So I am really doing this!

Leaving the UK was a lot harder than I thought it would be. Maybe I’m just a sentimental soul, but despite knowing that Uganda will be an amazing experience, perhaps even the best of my career so far. I was still touched by leaving behind my loved ones, my friends, my work colleagues. I guess all the people we surround ourselves with are so important for a sense of our daily being, as well as stability.

As I left Heathrow, the sun was just setting on my awaiting plane with another one taking off behind. I thought it was quite symbolic of this PULSE adventure and a great metaphor for what this assignment means for me.

Sunset over the runway……

After a pretty uneventful flight, apart from too much food and too little walking about (don’t think I have ever slept so much on an aeroplan), my arrival into Kampala was a bit more chaotic than I had planned for!

First , I got pulled aside as I couldn’t produce my Yellow Fever vaccination certificate; completely forgotten in my desk at home 😦 . A bit of chaos ensued where I was given the option of either getting some proof or having a top-up vaccine for 40 USD. Given the option (and aided by the free wifi at the airport), I connected via Skype with Carol D-M and Lucy P , my most excellent team at GSK House, who managed to send me a full list of my immunisations by email. Thanks so much to both for getting me out of a hole and avoiding me having to have another jab! Great example of supportive collaborative team working and IT working!

I then queued up for immigration, it took an hour to get to my turn, where I was promptly advised that despite my entry permit, I still had to go to another queue to apply and pay for my entry visa; apparently not the same thing! I’m sure most if not all of us have had very similar experiences when traveling. Ultimately bureaucracy is the same wherever you go!

Hey ho, I queued up again and eventually got out of the airport 2.5 hours later. I was the last one from my flight evidenced by my bag being all alone on the baggage carousel……….

Thankfully my taxi was still waiting for me. I was whisked away to my guest house, Forest cottages, comfortable, safe, clean and friendly. After an early dinner for the WEARY Traveler, bed beckoned. Can’t remember the last time I was in bed by 8.30pm, maybe when I was 10 years old!

So day 1 and so far I have learnt that Ugandans are incredibly friendly. Lake Victoria, Entebbe and Kampala are incredibly green and lush and being in Africa feels like home already…..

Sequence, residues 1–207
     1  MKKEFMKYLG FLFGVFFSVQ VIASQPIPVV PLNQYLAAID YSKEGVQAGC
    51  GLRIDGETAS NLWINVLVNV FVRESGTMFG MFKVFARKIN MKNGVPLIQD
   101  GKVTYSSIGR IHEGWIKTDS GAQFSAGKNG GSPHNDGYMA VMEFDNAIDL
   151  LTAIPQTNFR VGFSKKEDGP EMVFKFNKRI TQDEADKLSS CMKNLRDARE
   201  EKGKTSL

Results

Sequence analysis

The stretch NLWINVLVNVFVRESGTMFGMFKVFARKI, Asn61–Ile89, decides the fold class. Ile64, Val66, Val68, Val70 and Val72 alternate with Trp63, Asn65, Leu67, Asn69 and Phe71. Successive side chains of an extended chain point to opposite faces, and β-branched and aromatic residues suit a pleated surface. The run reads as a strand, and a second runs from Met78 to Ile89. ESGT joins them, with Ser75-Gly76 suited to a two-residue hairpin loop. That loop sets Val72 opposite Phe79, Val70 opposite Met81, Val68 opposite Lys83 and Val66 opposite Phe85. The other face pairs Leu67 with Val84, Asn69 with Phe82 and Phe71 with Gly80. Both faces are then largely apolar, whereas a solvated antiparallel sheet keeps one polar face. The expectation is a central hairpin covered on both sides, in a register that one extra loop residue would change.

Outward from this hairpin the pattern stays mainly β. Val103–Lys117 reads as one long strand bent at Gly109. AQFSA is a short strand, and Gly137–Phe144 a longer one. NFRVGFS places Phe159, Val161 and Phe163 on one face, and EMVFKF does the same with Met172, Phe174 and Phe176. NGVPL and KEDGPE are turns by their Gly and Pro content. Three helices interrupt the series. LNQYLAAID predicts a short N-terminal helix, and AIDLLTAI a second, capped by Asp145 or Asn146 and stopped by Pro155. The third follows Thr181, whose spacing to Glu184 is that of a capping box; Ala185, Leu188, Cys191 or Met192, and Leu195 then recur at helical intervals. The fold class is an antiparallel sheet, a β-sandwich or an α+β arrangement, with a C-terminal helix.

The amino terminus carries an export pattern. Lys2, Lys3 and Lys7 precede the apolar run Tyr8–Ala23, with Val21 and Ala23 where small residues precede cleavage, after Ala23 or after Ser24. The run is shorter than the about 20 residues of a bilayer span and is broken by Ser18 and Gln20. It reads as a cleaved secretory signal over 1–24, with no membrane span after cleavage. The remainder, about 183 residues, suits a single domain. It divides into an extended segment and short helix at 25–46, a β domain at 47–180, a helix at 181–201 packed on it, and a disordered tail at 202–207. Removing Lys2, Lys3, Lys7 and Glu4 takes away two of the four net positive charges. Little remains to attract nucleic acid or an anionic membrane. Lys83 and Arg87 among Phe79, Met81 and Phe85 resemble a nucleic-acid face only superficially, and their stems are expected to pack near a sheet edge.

1. So lovely to hear you are in Uganda safe and sound Arif, despite the airports best efforts to hold you up! Remember you are never too far from home really when you know you have so many back home and across GSK rooting for you. Can’t wait to hear more about your assignment and look forward to getting these updates from you. Take care, Susan.

  2. Which just proves the adage, behind every good doctor there is an equally brilliant nurse!!!. Leaving is the hardest bit so now enjoy every second of your time in Uganda and remember to keep us posted.

  3. Lovely to hear you have arrived safely Arif, despite the airports best efforts at holding you up! Remember you are never too far from home when you have so many back home and across GSK rooting for you. Looking forward to hearing more about your time in Uganda in the coming weeks. Take care, Susan

  4. Thanks for sharing this experience and for the reminder to bring my proof of yellow-fever vaccination as I leave for Sierra Leone this afternoon. Glad to know you’ve caught up on sleep too!

  5. Good that my story was a useful reminder! Likewise for others going to certain parts of Africa. My experience is that its random whether they ask you to produce it or not.

  6. Wow Arif, you made it, keep writing, I like your style. Be safe. We’ll look forward to all your news. xx

  7. Hello Arif,
    Received your email today, what surprising news! I’m very impressed with your decision and I don’t think you will ever regret taking this leap. Looking forward to reading all about it! xo

  8. What a long journey, but glad to hear everything worked out in the end. I look forward to hearing more from you Arif as you settle in to life in Uganda & with Leonard Cheshire.

  9. Glad you got there safely Dr Arif.
    Looking forward to updates from you.
    Take care and stay safe

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